I really like the rule but it is so vague on when to use it that it almost doesn't seem to exist in my game currently and that is really a shame. I want to rectify this.

I would get creative and ask your DM whether different things can give you advantage as they come up. The rules are left intentionally vague to encourage creativity by the players and the DM, but if your DM is in the 3.5/Pathfinder mindset, it's easy to fall into the habit of searching for the specific rule that covers this specific situation. Once your DM starts making rulings, I think you'll see him looking for ways to apply it creatively too.

*Is it basically a replacement mechanic for +2/-2 adjustments?
Mostly, yes. The math gives you an effective bonus of between +1 (to roll a 2 or 20) and +5 (to roll a 10-12), depending on the number you need to hit. Average bonus is +3.5 for advantage, and -3.5 for disadvantage.

*If you are a rogue using your sneak attack do you get advantage?
Reverse that - if you have advantage, your attack deals sneak damage. You can also get sneak damage if you hit an opponent who is within 5' of an ally (i.e., in melee) - no advantage on the attack roll, but you deal sneak damage if you hit.

*Does higher ground/lower ground trigger use of Adv/Disadv?
No specific rule that I'm aware of, but many DMs would make that ruling, or take it case by case. Another example is flanking - there are no flank rules in the PHB, but a DM may rule that a flank gives you advantage. The DMG may have more optional rules for Advantage/Disadvantage, but at least in the PHB, I think the lack of too many specific rules is intentional.

*How about surprise round? Does everyone participate in combat on the surprise round with the surpriser getting advantage on attacks and the surprised getting disadvantage?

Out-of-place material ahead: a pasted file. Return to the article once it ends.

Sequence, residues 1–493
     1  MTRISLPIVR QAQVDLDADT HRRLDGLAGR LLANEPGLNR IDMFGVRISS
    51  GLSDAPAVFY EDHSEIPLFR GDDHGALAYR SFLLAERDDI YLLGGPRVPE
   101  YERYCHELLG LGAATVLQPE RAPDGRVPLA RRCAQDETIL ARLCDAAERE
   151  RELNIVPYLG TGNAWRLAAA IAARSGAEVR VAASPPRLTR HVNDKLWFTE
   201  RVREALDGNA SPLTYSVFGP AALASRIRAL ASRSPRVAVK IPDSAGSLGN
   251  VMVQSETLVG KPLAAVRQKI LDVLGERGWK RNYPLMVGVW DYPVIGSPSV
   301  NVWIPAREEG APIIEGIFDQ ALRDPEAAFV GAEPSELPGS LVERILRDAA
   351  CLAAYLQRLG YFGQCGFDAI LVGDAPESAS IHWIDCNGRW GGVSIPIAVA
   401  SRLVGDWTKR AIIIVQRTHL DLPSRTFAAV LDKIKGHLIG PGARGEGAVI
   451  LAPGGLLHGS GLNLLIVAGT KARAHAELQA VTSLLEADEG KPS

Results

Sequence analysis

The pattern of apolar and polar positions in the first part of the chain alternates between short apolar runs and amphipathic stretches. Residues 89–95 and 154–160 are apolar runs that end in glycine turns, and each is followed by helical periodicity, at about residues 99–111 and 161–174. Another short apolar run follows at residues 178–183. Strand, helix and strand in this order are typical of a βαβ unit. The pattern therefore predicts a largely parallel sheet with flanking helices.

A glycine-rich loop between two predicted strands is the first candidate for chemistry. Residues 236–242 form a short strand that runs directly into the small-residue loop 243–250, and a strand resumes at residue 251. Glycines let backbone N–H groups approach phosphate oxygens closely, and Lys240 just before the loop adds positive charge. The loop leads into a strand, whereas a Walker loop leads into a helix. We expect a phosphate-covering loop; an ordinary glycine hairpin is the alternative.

Again, no set rule that I know of. On the one hand, it makes mechanical sense, but it does step on the toes of the Assassin Rogue a bit, since he gets advantage against anyone who hasn't acted in combat yet. Limiting advantage to opponents who are actually surprised and only during the surprise round would probably be a decent compromise since the Assassin also gets it against anyone who's flatfooted, surprised or not.

*How would this work with skills?
I feel like disadvantage comes up more often than advantage for skill checks. Like picking a lock in the dark, or trying to bluff while your drunk. The Help action can be useful here - instead of making his own knowledge roll, a low Int character can "help" a high Int character and give him advantage with the higher Int bonus for both rolls.


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Rushley son of Halum wrote:

Poog want kill the bad things. Poog not care about others with him, they be dumb and took Poogs win. Stopped Poog being best. Poog not best of course, Zargonel best. But Poog still pretty good. Not big fan of loosing.

Screw those guys. They all nearly dead anyway from lots-legs-kill-goblin-babies-many. Poog just channel to try kill bad thing. Stop bad thing and win! Yes. This plan is good.

But Poog forgot to look up. Friend goblins got channeled. Poog think this funny, Friend goblins fall to ground twitching. Then not twitching Dumb ugly goblins.

That's ok. Poog leave now, Poog no have to win. Poog run off into forest, find Poogself a new tribe. Poog was bored of this place anyway. Too much bad stuff try to kill Poog.

Poog meet Birdcrunchers. Ogre kill Birdcruncher chief. Birdcrunchers pick new chief. Kill stirges, be chief. Reta and Chuffy hit stirges. Poog channel. Hurt friends, Poog chief. Poog happy.

Chief Poog have to kill Ogre now? This not part of deal.

Poog miss Squealy Nord.


Pan wrote:
Speaking of Dungeonscape is it going to be an all or nothing subscription service?

Not exactly - it's a la carte pricing, and once you buy the content, it never expires, but it will still be DRMed up the wazoo and use cloud verification, so If trapdoor goes under and the cloud verification goes away, there's a good chance that the content will become unusable without it.


Legendarius wrote:
If the new tools allow me to basically assemble the stat blocks I need for an adventure I am running into a text file/Word doc/PDF/etc. that will be all I need to create an encounter book to print out at the table or use electronically on my tablet. I fully expect this time with 5E we'll get there with tools in a way we never have in the previous editions. I also guarantee it won't be done fast enough to make a lot of people happy. My guess at the moment is we'll have our 75% solution by summer 2015.

I hope you're right. I'll settle for a searchable e-book of the PHB and a printable character creator at the moment. Based on Trapdoor's steady removal of content from the launch product and delaying more and more components, I get the impression that Trapdoor has bitten off more than it can chew.